Finding good developers is always difficult, but it's especially tricky in the field of mobile applications. According to a recent InformationWeek reader survey on mobile apps, nearly half of those developing or planning to develop mobile apps say finding and nurturing expertise is a significant challenge. And 31% of respondents not building mobile apps cite a dearth of staff expertise as the top reason.
Walmart provides a great case study in how it can be easier to buy talent than grow it. The nation's biggest retailer acquired a tiny mobile development shop, Small Society, that had done work for everyone from Starbucks and Whole Foods to the Obama campaign. The Portland, Ore.-based group reports into Walmart's Mobile Labs, a quasi-independent group of developers charged with changing the way customers interact with the mega-retailer.
According to an ex-Yahoo employee, Eran Hammer-Lahav, now part of Walmart's mobile push, the firm's mobile app group is building more than just mobile catalogs or light versions of the Web store. The goal is to "change the way customers interact with the brand--from organizing your shopping list based on where the items are in the store you just walked into to highlighting promotions and reviews as you drive through the aisles."
If you're not Walmart and can't buy a 10-person mobile app startup, you can always rent them, but using so-called app shops has pros and cons. App specialists certainly provide results faster than staffing up a new team: They already have the necessary skills with mobile APIs, UIs and app design, and are used to the hair-trigger development cycle. But they can get expensive as you expand your portfolio.
[There are good reasons to embrace mobile development. Get real-world examples in "The Business Case for Going Mobile".]
Plus, as mobile invades more and more business processes, you're just pushing back the learning curve while competitors get a jump on building mobile expertise.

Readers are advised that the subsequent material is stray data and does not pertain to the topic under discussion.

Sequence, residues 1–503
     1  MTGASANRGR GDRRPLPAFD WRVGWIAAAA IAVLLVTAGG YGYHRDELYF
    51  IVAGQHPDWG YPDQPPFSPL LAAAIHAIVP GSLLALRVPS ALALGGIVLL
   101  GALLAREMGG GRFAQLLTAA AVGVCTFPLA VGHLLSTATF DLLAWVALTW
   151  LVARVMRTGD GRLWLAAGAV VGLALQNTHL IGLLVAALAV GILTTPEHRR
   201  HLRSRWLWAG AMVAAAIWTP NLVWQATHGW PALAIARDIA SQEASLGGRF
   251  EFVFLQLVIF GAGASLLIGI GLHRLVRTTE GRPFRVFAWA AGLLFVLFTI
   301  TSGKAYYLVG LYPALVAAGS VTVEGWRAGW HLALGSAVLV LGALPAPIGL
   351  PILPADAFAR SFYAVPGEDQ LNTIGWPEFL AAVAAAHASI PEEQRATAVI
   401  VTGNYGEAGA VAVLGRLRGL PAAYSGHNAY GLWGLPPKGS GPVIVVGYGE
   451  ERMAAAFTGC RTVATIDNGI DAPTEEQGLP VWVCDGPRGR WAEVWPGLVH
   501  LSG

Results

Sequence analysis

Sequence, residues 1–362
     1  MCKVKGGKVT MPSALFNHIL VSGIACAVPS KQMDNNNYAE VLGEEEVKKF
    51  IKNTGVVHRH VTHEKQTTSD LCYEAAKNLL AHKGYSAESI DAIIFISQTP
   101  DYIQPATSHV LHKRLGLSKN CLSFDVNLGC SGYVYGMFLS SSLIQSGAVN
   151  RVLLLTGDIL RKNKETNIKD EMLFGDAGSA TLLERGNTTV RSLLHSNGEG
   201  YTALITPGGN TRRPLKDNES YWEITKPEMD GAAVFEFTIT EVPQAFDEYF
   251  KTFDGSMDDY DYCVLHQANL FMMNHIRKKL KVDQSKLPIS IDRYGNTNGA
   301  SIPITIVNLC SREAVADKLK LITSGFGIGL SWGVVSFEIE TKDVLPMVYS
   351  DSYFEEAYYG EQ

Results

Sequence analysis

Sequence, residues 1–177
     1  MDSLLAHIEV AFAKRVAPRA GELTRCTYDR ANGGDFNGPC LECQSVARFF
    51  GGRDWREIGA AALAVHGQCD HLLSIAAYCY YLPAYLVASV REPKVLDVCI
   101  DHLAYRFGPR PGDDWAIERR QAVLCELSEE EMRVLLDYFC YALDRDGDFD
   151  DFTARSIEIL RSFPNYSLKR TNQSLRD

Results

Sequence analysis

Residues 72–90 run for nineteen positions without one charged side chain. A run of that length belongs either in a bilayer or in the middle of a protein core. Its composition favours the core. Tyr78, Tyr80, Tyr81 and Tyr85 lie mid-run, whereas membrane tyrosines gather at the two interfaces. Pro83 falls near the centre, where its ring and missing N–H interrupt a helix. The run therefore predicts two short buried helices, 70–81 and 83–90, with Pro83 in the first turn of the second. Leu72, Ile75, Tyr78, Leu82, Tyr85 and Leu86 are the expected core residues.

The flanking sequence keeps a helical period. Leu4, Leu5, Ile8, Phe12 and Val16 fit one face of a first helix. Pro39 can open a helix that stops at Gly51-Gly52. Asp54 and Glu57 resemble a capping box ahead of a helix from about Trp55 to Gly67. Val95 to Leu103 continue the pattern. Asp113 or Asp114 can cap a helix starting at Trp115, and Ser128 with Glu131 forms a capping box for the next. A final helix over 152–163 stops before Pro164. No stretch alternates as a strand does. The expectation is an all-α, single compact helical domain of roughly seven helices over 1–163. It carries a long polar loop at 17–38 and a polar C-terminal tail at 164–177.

Alternatively, you can do what one of our commenters suggests and target native apps for only the most demanding cases and use HTML5 for everything else. This technical sales engineer for a mobile development shop writes, "Organizations are missing an easy solution: Choose one native platform for your pickiest and/or most populous users, and all other platforms get a mobile Web solution that's 'good enough'. Native development is not slower than Web development; if anything it's faster (especially on iOS) because it's so easy and so compatible."
As companies bring more mobile developers into the organization, they have to strike a balance between retaining a creative culture without letting mobile hipsters run wild. That means keeping them linked to business units and corporate initiatives. According to Chris Silva, a mobile analyst at Altimeter Group, the best mobile shops, particularly in retail and sales organizations, are tightly aligned with marketing and e-commerce teams.
For example, he says, the initial motivation for Starbucks wasn't about using mobile to generate revenue or customer loyalty and stickiness, but to streamline the purchasing process, which could get severely bottlenecked at times of peak demand. Only after fixing this problem did they apply their mobile technology in other ways.
It's past time for organizations to do a thorough analysis, across their business units and processes, of how mobile can be applied. And whether you have to buy it, hire it or grow it, you must build mobile app development capability. As Nolan Wright, CTO and co-founder of Appcelerator, puts it, "Soon, all development will be mobile development."Kurt Marko is an InformationWeek and Network Computing contributor and IT industry veteran, pursuing his passion for communications after a varied career that has spanned virtually the entire high-tech food chain from chips to systems. Upon graduating from Stanford University ... View Full Bio